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Tumors in the eye usually are secondary tumors caused by cancers that have spread from other parts of the body, especially the breast, lung, bowel or prostate. Two types of primary tumors arise within the eye itself and are known as retinoblastoma in children and melanoma in adults.
Retinoblastoma is a cancer of the retina, the eye's light-sensitive tissue. This most common childhood eye cancer usually strikes children under age five, affecting 500 to 600 in the United States each year. In nearly a third of the cases, retinoblastoma occurs in both eyes. While symptoms are not evident early in the disease, increasing pain and vision loss eventually signal the problem.
Malignant melanoma occurs most frequently in adults 60 to 65 years of age, arising from uncontrolled growth of cells called melanocytes. From 1,500 to 2,000 new cases are diagnosed annually in the United States.
In addition to damaging vision, eye tumors can spread to the optic nerve, the brain and the rest of the body. Therefore, early diagnosis and treatment are extremely important. Melanoma tends to spread via blood vessels to distant organs. Wilmer ophthalmologists and other highly skilled physicians, like the pathologist, play a crucial role in making the precise diagnosis and in determining the progression of the tumor. Tumor cells are studied in the Wilmer Eye Pathology Laboratory, a world leader in diagnosing eye tumors. Physicians from the Johns Hopkins Melanoma Clinic are involved when their expertise is necessary.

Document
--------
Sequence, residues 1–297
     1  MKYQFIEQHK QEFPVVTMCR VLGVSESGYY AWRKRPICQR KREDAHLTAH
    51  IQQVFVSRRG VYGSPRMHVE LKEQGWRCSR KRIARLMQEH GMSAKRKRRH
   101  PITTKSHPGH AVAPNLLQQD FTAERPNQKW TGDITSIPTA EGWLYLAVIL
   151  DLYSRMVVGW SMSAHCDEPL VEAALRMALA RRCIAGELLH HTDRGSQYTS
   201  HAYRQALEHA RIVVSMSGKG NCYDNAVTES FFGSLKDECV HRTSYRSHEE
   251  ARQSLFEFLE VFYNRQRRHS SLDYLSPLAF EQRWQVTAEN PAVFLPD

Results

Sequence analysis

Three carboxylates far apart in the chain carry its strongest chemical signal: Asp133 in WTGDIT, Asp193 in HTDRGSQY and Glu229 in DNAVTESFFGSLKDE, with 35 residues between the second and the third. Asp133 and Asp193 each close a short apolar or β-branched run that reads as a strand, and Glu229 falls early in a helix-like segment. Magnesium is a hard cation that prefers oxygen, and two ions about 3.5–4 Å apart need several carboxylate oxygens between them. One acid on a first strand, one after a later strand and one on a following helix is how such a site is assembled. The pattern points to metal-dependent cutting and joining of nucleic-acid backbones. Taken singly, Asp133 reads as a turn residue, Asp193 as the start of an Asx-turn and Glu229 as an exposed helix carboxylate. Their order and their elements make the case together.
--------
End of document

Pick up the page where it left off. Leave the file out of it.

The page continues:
For children, much of the diagnostic work takes place in what appears to be a playroom and involves techniques designed to be child-friendly.
There are various ways to treat eye tumors, depending on the diagnosis, size and aggressiveness of the tumor, and other factors. Certain small tumors may respond to laser treatment or freezing (cryosurgery). In some instances, it is possible to remove a tumor surgically and still preserve vision. A technique advanced by Wilmer researchers fine-tunes radiation therapy for eye tumors, focusing it more precisely on the eye. This minimizes the amount of radiation reaching healthy tissue. If the eye cancer is advanced and must be treated aggressively or removed, plastic surgeons at Wilmer perform reconstructive eye surgery. Today's artificial eyes or implants move almost normally and are virtually indistinguishable from natural eyes, although, of course, they do not see.
> Treated by the Division of Ocular Oncology
Researchers at Wilmer are studying hereditary patterns in childhood cancers of the eye. For families with a history of eye cancer, preventive measures and early detection programs can help alleviate some anxieties and minimize damage. For adult eye tumors, Wilmer researchers are conducting extensive clinical trials to see which treatments provide the best outcome. Simultaneous quality-of-life studies will show patients' preferences and which approaches yield the best function.
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